BlackRock, Inc. (NYSE:BLK)
Blackrock Inc is the world’s largest asset manager serving individuals and institutions from all over the world. Since calendar year 2000 BlackRock, Inc. (NYSE:BLK) has achieved a superior record of earnings growth averaging 21.6% per annum. Since earnings drive market price in the long run, their stock price has followed suit.
A $10,000 investment on December 31, 1999 would have grown to $164,049.97 by July 31, 2013. This represents a compound annual rate of return of 22.9% in contrast to only a 1% compounded annual rate of return for the S&P 500 over the same time. Additionally, BlackRock, Inc. (NYSE:BLK) initiated a dividend in 2003 which has grown at a compounded annual rate of 40.1% per annum. Consequently, that same $10,000 investment on December 31, 1999 which generated dividends of $18,653.16, is more than 10 times the cumulative dividends of $1,760.08 for an equal investment in the S&P 500. This brings Blackrock’s total return to shareholders since 1999 to 23.8% per annum.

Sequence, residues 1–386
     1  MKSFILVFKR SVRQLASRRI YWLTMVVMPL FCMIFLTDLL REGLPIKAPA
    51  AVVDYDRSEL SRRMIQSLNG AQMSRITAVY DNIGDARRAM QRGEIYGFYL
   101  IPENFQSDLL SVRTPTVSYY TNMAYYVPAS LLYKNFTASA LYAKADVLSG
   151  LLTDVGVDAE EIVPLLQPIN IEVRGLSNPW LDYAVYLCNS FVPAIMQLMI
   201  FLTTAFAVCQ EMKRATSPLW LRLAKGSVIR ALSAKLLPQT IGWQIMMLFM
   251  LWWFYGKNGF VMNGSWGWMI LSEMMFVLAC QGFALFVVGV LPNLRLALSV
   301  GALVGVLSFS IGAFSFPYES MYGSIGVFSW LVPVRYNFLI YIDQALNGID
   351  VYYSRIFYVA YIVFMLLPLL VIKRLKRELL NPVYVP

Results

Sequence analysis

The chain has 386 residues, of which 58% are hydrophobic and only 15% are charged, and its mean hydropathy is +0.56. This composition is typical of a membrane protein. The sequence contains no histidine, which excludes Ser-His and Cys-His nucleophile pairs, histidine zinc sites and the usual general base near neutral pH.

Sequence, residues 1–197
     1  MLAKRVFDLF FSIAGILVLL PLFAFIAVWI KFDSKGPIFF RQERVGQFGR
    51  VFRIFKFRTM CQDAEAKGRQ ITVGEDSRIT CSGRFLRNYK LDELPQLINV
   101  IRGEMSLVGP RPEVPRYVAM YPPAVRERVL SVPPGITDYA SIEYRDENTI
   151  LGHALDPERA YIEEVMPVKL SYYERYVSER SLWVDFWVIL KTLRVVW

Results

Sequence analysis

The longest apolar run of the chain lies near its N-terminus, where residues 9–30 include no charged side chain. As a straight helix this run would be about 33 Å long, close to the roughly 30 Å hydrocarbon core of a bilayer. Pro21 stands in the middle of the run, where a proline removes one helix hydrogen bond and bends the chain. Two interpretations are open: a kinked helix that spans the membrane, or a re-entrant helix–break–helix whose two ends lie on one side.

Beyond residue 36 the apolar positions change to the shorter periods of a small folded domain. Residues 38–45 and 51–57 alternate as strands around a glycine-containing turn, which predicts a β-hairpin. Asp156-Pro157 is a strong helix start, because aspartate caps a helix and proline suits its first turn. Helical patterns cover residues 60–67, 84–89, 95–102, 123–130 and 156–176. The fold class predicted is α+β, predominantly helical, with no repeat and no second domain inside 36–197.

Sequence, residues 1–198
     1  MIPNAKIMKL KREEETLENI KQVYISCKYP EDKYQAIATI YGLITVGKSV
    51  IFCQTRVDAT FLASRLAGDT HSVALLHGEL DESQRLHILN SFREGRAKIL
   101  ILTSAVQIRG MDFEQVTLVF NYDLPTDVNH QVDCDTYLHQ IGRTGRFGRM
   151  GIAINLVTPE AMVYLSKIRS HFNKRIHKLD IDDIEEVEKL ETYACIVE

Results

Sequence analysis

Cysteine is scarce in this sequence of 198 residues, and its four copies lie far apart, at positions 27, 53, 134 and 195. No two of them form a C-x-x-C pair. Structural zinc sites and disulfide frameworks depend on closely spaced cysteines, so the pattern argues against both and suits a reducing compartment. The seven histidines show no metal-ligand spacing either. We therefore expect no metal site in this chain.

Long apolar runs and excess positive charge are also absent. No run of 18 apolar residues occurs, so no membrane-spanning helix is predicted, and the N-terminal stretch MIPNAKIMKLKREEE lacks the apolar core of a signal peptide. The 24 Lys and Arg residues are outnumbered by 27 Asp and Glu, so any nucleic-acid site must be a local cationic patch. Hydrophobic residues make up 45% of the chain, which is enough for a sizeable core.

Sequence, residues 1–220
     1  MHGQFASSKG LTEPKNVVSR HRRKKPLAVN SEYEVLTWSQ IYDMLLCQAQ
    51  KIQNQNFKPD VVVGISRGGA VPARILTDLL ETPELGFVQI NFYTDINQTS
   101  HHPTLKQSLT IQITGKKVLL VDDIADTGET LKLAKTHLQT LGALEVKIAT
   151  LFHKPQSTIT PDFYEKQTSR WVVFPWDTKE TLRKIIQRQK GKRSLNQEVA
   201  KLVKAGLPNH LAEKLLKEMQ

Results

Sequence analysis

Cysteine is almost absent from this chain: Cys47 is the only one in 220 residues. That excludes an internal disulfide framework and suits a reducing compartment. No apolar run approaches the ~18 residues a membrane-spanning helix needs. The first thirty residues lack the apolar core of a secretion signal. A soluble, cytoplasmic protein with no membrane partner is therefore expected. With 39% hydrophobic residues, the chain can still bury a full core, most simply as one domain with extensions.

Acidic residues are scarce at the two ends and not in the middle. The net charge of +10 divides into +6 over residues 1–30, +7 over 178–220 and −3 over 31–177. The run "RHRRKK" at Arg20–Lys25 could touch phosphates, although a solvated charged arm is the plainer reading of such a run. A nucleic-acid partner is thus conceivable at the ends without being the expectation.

I offer BlackRock, Inc. (NYSE:BLK) as an exciting long-term opportunity in the Financial sector. However, I want to point out that I believe the company is fully valued at current levels. To be clear, I do not see it as being extremely overvalued, but I consider it fully valued as the price sits atop the valuation corridor depicted by the 5 orange lines on the Estimated Earnings and Return Calculator. However, the current estimates for future earnings growth might be biased based on what the company has accomplished since 2008 as it went through the Great Recession. As an aside, I calculated Blackrock’s earnings growth since 2008 and it has averaged 12.1% per annum, which closely correlates to the current estimates of 12.7%.